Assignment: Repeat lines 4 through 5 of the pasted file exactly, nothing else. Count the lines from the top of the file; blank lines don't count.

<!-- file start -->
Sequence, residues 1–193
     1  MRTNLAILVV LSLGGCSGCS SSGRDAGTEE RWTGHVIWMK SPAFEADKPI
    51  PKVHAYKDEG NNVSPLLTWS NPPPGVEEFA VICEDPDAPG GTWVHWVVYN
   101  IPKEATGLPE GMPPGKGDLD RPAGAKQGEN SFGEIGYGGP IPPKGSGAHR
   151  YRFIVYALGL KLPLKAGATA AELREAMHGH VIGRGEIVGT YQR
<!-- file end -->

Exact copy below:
   101  IPKEATGLPE GMPPGKGDLD RPAGAKQGEN SFGEIGYGGP IPPKGSGAHR
   151  YRFIVYALGL KLPLKAGATA AELREAMHGH VIGRGEIVGT YQR